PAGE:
There’s a very hip restaurant in my neighborhood called Joseph Leonard; you go there, and everyone else is either more attractive or more wealthy than you. There’s a very cool bathroom with a medicine cabinet over the sink that has Q-tips, Altoids and tampons (I bet women wish more restaurant bathrooms had tampons; or maybe they do and that’s just a secret between women and restaurants?) and on every table a little jar of cornichons. It’s that little jar of cornichons (not the tampons) that I’d like to talk about today. It led to my own table decorating revelation, one involving sugar snap peas, garlic and lots of white wine vinegar.
The recipe comes, as most great recipes do nowadays, from Smitten Kitchen. She got it in turn from Epicurious which got it from “The Joy of Pickling.” Tracking recipes, these days, is like playing a game of telephone.
But there’s really no novelty to this recipe; just clean and sterilize a jar (I run mine through the dishwasher and call it a day) and then, in a sauce pan, boil 1 1/4 cups white wine vinegar (Deb finds white wine vinegar too sweet and uses the same amount of white distilled vinegar, but I like the winey flavor), 1 1/4 cups water, 1 Tablespoon kosher salt, 1 Tablespoon sugar until the sugar dissolves. Then you let the liquid cool (an important step so you don’t cook the sugar snaps.)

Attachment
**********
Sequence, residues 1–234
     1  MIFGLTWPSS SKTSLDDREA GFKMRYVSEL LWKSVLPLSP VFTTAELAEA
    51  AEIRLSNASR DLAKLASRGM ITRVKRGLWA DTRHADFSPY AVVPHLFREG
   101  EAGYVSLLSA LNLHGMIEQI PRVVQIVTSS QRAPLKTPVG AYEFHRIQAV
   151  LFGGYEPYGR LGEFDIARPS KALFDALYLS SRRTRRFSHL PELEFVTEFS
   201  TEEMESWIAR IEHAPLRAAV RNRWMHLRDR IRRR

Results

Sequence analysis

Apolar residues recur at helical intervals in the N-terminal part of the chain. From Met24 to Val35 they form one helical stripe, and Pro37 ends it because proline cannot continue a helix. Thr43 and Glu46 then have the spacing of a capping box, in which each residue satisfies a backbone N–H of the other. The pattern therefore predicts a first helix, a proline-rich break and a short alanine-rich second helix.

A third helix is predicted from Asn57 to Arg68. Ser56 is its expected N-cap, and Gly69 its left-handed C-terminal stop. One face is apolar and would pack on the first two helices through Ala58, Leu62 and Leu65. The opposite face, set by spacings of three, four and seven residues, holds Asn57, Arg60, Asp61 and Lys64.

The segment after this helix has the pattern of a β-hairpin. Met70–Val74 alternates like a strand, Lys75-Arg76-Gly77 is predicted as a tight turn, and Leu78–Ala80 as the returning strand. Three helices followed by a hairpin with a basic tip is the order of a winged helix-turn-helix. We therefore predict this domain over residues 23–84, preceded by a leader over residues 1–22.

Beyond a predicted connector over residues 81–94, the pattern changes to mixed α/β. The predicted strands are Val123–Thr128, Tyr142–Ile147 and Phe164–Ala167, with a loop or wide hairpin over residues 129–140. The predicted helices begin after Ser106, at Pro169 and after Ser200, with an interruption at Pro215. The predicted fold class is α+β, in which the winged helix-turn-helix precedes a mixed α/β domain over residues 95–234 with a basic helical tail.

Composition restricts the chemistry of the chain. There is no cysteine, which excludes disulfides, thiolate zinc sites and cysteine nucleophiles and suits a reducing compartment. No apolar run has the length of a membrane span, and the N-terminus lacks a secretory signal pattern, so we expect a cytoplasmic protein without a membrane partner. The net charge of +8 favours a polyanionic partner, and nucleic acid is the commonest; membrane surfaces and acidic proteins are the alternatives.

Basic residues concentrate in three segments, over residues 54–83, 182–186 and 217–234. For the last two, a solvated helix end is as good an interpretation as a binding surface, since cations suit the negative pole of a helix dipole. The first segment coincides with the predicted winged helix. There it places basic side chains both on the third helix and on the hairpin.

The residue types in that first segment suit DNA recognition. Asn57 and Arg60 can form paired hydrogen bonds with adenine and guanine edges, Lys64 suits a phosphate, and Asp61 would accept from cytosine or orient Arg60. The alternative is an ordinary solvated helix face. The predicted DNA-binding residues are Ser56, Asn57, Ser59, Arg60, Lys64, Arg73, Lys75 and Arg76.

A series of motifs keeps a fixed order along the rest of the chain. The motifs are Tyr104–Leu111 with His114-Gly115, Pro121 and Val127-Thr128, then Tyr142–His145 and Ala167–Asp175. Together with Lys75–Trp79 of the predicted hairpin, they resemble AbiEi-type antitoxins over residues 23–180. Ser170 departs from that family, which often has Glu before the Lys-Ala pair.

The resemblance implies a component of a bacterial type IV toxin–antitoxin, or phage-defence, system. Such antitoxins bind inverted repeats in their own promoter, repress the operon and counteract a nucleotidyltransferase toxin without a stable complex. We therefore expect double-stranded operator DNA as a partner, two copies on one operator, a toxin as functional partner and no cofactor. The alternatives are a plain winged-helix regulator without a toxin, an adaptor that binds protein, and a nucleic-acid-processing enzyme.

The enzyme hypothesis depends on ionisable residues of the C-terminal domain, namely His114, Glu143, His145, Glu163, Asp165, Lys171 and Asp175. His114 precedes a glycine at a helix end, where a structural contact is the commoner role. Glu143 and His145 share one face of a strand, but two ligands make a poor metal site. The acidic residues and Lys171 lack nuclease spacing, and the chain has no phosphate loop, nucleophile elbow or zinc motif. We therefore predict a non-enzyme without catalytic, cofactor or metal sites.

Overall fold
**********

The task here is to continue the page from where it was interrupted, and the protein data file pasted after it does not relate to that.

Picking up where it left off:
Pack 1 pound of stemmed and strung sugar snap peas in a jar with 4 sliced garlic cloves, 1 or 2 small dried chile peppers, and–if you have them–two tarragon sprigs (I skipped those.)
Pour the cooled liquid over everything, cover the jar with a cap and keep in the fridge for two weeks before eating.
Yeah right! (Deb echoed that sentiment in her post.)
And so here’s what I put on the table when I hosted dinner parties for the next few weeks:
People were perplexed at first–was this decoration or food?–but pretty quickly people figured it out. And once they tasted them: yowza! These explode with flavor–all that garlic, chile and vinegar; they’re bracing in a very good way.
Sugar snap pea season is almost over (for shame, they’re my favorite seasonal vegetable) but you can do this with all kinds of vegetables (yellow wax beans come to mind) and if you make a lot, you may even have some leftover for winter time when you’re wearing your winter jacket and craving warm-weather food.
Heh, as if they’ll last that long.
Pickle Spiced Ice
Pickled Yellow Wax Beans
Nancy Silverton’s Garden Pickles